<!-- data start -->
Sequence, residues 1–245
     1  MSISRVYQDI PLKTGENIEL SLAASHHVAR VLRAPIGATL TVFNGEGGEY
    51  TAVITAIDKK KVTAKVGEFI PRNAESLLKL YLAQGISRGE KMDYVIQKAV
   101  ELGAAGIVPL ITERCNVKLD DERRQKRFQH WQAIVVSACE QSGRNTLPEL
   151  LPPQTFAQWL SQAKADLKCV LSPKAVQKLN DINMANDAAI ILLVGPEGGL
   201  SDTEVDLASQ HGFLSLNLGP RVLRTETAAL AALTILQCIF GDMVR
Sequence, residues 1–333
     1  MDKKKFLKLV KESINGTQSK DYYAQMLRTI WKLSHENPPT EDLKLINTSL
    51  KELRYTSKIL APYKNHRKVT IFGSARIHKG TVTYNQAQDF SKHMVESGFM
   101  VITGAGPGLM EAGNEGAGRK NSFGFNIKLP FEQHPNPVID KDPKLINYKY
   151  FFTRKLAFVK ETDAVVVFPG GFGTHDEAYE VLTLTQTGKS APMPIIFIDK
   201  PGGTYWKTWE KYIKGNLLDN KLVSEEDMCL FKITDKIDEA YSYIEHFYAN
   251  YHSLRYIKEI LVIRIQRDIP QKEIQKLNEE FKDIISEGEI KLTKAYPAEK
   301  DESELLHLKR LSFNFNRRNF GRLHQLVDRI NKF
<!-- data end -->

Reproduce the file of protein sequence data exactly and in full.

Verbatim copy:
Sequence, residues 1–245
     1  MSISRVYQDI PLKTGENIEL SLAASHHVAR VLRAPIGATL TVFNGEGGEY
    51  TAVITAIDKK KVTAKVGEFI PRNAESLLKL YLAQGISRGE KMDYVIQKAV
   101  ELGAAGIVPL ITERCNVKLD DERRQKRFQH WQAIVVSACE QSGRNTLPEL
   151  LPPQTFAQWL SQAKADLKCV LSPKAVQKLN DINMANDAAI ILLVGPEGGL
   201  SDTEVDLASQ HGFLSLNLGP RVLRTETAAL AALTILQCIF GDMVR
Sequence, residues 1–333
     1  MDKKKFLKLV KESINGTQSK DYYAQMLRTI WKLSHENPPT EDLKLINTSL
    51  KELRYTSKIL APYKNHRKVT IFGSARIHKG TVTYNQAQDF SKHMVESGFM
   101  VITGAGPGLM EAGNEGAGRK NSFGFNIKLP FEQHPNPVID KDPKLINYKY
   151  FFTRKLAFVK ETDAVVVFPG GFGTHDEAYE VLTLTQTGKS APMPIIFIDK
   201  PGGTYWKTWE KYIKGNLLDN KLVSEEDMCL FKITDKIDEA YSYIEHFYAN
   251  YHSLRYIKEI LVIRIQRDIP QKEIQKLNEE FKDIISEGEI KLTKAYPAEK
   301  DESELLHLKR LSFNFNRRNF GRLHQLVDRI NKF